“Father Terra stated the male made him get on his hands and knees and told him to give him money,” according to court records. “Father Terra stated he blacked out and does not remember calling 911. The next thing he remembered was giving Father Walker absolution.”
I work only a couple of blocks away from this parish and I regularly go to this parish on my lunch break and chat with Fr. Walker and Fr. Terra. The other day I was talking with the new priest assigned to fill in at the parish while Fr. Terra recovers. He told me that the attacker climbed a back fence and entered the courtyard area. Fr. Terra heard a noise in the courtyard and opened the kitchen door to investigate. The attacker immediately hit him over the head and arms, while Fr. Terra attempted to block the blows to his head. He was hit with the tire iron several times. Fr. Terra attempted to escape the attacker through the kitchen and down the hall to the bedroom, where he pulled his revolver from the night stand. He pulled the revolver onto the attacker but could not fire the weapon because hands and arms were badly broken from the attack. The attacker then took the gun and murdered Fr. Walker as Fr. Walker ran down the hall of the rectory to come to help Fr. Terra.
It dawned on me that this must be a common event during a home invasion or mugging. It must often happen that people are not able to fire their weapons because their arms or hands are injured from defensive blows. I wanted to get your thoughts on this. Have your heard of this happening during home invasions or during muggings before? Even if you have a gun close by you might not be able to fire it because your hands and arms are broken. What do your recommend?
I value your opinion and I sincerely care for Fr. Terra and all of the other priest at this parish. They live in a very dangerous section of Phoenix. I would really appreciate any thoughts or advice you could give. I will pass it onto the current priests at that parish. They are obviously concerned for their safety in the neighborhood.
I have attached a link to the news article below and have included a recent picture of Fr. Terra after the attack, below.
A few things come to mind. First, I’m truly sorry for the murder of Father Kenneth Walker. Second, its pretty cool that Father Joseph Terra had a gun in his nightstand. About your question, yes these things happen a lot and for a few different reasons.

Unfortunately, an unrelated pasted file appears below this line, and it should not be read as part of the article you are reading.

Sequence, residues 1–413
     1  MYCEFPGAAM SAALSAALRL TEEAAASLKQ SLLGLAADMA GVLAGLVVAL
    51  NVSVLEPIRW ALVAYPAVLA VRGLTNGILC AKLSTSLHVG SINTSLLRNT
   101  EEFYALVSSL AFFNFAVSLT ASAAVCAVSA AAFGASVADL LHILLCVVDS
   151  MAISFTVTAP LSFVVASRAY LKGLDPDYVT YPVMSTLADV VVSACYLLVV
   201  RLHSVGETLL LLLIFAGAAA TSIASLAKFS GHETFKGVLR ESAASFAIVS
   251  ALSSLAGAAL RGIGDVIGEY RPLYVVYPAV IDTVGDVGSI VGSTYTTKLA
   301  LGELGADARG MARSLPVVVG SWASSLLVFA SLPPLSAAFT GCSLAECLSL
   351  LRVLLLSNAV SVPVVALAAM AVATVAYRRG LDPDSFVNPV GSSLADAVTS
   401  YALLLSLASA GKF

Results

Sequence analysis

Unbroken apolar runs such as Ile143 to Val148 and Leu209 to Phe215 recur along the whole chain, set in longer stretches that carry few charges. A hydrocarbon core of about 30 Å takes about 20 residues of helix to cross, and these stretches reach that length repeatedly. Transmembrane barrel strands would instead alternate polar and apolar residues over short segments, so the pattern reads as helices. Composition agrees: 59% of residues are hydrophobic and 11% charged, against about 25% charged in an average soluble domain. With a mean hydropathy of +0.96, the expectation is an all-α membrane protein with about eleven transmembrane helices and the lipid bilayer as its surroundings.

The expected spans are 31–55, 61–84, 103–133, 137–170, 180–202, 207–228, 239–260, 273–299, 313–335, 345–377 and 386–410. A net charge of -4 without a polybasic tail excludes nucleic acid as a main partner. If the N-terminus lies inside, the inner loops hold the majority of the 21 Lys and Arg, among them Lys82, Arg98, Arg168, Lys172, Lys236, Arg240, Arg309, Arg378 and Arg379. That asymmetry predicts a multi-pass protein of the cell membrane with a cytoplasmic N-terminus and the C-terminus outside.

First, the natural defensive reaction humans have is to place the arms and hands between you and the threat. You can live without a hand, you cant live without a head so its pure instinct to bring your arms up when attacked. That’s why you will find in most cases of people being attacked with guns, knives or any other weapon that arms and hands often sustain numerous wounds.
Also, during a gunfight, it is also likely that your arms and hands will get shot even if you are shooting as well. Weaver, isosceles or even natural point shooting stances place your gun and hands somewhat over your center of mass. If someone is shooting at you and you are shooting back, there’s a good chance that if the attacker is aiming center of mass while you are shooting back, that your hands and arms will get shot. This happens a LOT, in fact, it happens in most shootings that I know of where people got wounded, arms and hands are often hit.
I know of a CIT guard that got killed because he couldn’t reload to keep shooting after getting attacked. One of his hands was wounded during the car accident when they were first attacked and he was left with an empty gun when the attackers closed in to finish the job. This is why any serious defensive shooting course insists a good amount on weak hand shooting. You need to practice a lot with your other hand, practice transitions, reloading, clearing your gun from malfunctions and drawing, all done single handed with both right and left hand. Any good defensive shooting pistol class will insist a lot on this given how likely it is to occur during a fight.
In a similar way, it’s a good idea to carry either two folding knives, one in each of your front pockets or at least have your knife in one and your single-handed open mutlitool in the other hand. If you are wounded or pinned down by an attacker you can draw your knife on either side.